Cuauhtémoc Q. Kish – San Diego, California, USA
People are always asking me why I became a fabric artist and the short answer is because I enjoy the medium. I take great pleasure in quilting and working with fabric.
Additionally I love the challenge of capturing an image or an idea and then reducing it to a singular fabric canvas.
Having been a writer (theatre critic, playwright, et. al.) I was accustomed to writing pages upon pages to tell my story and/or inform the reader, but with fabric art I discovered I could do this with one single ‘page’ of fabric.
My art is both abstract as well as representational, principally utilizing a fused appliqué technique. Fabric, metals, and other materials morph into form as I use my artist’s brush (a quilting needle) to execute my design.
I enjoy telling a story with my art or rendering a social commentary as I did with “Dance-floor; Orlando” about the recent massacre that killed 49 innocent victims in that Floridian city. I also enjoy interpreting nature as I am doing with my current series, “Canyons Of My Mind.”
This latest series resulted from a trip to Page, Arizona. It was in this vicinity where I discovered the famously epic sights of Antelope Canyon. I was mesmerized with the constantly changing colors that inhabit this glorious nature-scape. After reviewing my photos from this trip I knew I had to interpret these gorgeous slot canyons with my fabric art.
But now I’m ready to begin a new series and I’ll always invite you along for the artistic ride.
(Click images to enlarge)SAQA: When did you begin making art with fabric? Do you work in other media as well?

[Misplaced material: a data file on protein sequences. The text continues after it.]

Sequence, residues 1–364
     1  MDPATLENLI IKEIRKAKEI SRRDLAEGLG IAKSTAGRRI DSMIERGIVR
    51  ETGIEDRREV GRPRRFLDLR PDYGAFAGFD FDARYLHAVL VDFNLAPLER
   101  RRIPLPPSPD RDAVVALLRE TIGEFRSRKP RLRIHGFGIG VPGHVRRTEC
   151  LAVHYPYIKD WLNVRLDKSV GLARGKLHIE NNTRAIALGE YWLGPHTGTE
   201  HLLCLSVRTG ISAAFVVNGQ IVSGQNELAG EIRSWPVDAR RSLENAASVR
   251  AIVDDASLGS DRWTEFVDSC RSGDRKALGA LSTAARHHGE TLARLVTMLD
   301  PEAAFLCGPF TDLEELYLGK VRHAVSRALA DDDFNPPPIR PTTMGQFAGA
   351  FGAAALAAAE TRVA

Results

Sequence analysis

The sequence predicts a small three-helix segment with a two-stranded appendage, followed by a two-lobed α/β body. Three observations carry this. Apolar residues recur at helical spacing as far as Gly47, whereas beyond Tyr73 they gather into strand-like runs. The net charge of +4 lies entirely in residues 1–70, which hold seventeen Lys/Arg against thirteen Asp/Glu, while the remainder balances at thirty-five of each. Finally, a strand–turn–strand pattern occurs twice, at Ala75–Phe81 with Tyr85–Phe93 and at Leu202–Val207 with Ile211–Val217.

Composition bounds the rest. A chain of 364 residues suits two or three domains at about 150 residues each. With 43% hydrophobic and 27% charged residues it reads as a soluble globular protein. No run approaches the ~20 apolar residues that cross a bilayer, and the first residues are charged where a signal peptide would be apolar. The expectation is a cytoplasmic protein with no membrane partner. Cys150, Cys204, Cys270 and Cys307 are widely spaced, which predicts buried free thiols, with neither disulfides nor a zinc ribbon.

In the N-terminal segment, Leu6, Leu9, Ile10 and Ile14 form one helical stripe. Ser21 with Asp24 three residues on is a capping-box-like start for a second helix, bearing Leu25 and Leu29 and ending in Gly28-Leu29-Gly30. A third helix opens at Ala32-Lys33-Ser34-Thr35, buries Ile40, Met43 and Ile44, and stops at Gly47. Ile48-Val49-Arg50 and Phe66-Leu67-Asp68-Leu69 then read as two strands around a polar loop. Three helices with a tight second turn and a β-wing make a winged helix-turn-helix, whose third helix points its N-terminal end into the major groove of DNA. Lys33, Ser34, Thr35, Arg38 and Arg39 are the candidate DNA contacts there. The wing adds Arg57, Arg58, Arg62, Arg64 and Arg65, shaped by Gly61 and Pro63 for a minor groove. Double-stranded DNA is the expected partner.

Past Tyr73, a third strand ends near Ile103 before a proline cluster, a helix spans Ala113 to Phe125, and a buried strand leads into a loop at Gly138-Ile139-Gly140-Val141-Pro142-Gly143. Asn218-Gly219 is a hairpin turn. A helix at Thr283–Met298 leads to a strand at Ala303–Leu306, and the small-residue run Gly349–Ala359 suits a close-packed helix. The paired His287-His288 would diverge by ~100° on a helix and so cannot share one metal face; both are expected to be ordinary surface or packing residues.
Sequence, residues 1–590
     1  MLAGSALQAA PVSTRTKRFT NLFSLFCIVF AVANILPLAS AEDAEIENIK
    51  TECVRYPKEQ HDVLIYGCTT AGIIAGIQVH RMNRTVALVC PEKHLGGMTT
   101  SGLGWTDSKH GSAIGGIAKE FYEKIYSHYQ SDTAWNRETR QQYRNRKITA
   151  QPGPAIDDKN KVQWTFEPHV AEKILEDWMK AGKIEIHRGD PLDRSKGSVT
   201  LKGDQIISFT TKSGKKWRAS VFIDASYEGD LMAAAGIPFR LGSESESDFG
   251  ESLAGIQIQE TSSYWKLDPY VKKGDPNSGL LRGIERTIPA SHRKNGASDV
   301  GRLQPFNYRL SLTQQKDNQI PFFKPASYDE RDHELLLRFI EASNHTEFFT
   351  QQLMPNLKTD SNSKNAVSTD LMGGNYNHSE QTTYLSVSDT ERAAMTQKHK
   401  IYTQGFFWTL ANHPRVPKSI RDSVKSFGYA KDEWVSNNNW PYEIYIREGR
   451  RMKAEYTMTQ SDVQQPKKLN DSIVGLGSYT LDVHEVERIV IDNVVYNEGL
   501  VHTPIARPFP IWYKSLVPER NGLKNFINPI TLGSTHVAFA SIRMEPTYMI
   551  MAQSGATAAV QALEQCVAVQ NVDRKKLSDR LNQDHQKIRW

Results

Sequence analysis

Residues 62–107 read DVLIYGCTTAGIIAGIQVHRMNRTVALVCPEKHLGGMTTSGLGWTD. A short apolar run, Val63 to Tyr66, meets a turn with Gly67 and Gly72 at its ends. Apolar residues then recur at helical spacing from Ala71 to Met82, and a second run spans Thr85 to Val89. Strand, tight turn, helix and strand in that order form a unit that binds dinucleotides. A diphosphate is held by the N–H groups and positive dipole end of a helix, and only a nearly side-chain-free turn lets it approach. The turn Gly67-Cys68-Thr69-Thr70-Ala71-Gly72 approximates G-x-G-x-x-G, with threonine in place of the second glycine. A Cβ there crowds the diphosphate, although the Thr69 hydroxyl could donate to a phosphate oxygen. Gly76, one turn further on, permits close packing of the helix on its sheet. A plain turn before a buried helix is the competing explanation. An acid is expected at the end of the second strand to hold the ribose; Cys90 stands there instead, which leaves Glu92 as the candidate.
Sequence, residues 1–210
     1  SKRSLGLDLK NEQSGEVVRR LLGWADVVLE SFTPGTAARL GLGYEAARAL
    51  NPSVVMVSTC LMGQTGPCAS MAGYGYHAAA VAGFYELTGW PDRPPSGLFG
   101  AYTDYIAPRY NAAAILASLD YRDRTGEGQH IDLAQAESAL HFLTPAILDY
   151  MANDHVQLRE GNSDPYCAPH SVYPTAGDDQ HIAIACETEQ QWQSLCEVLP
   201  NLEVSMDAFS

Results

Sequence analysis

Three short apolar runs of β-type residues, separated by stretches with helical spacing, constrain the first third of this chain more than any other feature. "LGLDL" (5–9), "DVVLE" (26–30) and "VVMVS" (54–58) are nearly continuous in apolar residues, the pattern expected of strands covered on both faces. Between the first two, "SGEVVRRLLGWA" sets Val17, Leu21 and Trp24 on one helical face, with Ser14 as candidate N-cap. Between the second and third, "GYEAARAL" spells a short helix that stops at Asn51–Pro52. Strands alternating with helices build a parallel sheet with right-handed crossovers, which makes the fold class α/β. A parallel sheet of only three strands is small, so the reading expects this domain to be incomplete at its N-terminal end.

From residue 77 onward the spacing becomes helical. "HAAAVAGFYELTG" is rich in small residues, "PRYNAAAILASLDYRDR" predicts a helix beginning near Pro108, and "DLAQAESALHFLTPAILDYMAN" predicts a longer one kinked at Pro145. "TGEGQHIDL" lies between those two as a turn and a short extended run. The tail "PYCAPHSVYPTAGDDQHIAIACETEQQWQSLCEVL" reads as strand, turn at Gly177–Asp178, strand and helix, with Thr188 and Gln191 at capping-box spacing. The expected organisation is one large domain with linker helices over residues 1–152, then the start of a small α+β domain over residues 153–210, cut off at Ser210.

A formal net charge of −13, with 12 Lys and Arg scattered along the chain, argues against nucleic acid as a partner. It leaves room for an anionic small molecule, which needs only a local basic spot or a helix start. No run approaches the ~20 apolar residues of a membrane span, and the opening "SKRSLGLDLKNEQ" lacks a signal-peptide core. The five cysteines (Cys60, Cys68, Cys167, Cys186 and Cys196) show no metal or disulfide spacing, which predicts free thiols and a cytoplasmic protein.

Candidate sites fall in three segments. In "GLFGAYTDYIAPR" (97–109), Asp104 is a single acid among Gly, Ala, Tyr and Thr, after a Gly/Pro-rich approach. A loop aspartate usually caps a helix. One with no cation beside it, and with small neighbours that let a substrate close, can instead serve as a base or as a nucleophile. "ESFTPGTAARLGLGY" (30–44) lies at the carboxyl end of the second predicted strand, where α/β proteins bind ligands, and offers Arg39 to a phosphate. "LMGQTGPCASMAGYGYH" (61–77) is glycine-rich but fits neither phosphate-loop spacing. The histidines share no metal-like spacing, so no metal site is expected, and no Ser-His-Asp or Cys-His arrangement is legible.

KISH: I began making art with fabric in 2012, after I had completed my first ever Sewing Fundamentals class at the West City Campus in San Diego, California. I knew little about quilting, and didn’t even know the definition of batting, free-motion, or binding. But I knew I wanted to follow this artistic path and release some of my pent-up creativity with a sewing needle.
SAQA: What inspires you?
KISH: I am inspired by anything that I encounter throughout my day. It might be something I observed while walking my dog in the park, or it could be a media photo, or simply an idea that just comes into my head. Periodically I review a file of clipped photos when determining my next project.
SAQA: Have any artists or art movements influenced your work?
KISH: Fabric artists the world over have influenced my work. The list of talented artists would include Kathy Nida, Mary Pal, Linda Anderson, Jim Hay, Alice Beasley, Hollis Chatelain and so many more.SAQA: What techniques and materials do you use?
KISH: The techniques that I incorporate in my work are principally fused appliqué and machine quilting. Currently I am experimenting with acrylic paints and pencils, but I’m not afraid to incorporate copper, string, and other embellishments to my fabric art.
SAQA: Where do you create?
KISH: My studio is limited to one dedicated room in the house that I use for cutting and sewing (my dog’s bedroom). I have extended this space by taking over book shelves that are currently used for fabric, closets that are filled with paints and quilting supplies, and even store completed pieces under my spouse’s bed.
SAQA: How do you reconcile the art-making and business sides of your creative life?
KISH: I continue to offer my work for sale through my website, and any personal means possible (handing out business cards, posting my work on Websites like SAQA, and entering shows). Luckily there is no pressure to sell since I am pensioned from another career. Otherwise I’d be on the street pushing a cart with quilting supplies.SAQA: Have you published books or been a guest on an art-related media program?
KISH: Since I began my career as a fabric artist in my latter years my principal focus is on creating my product. I have no interest in teaching or publishing, but I have started doing trunk shows which gives me great pleasure.
SAQA: What are you working on now? What’s next?
KISH: After interpreting photos into abstract art from a visit to Page, Arizona (Antelope Canyon), I am now excited about creating portraits with acrylic paints and pencil.
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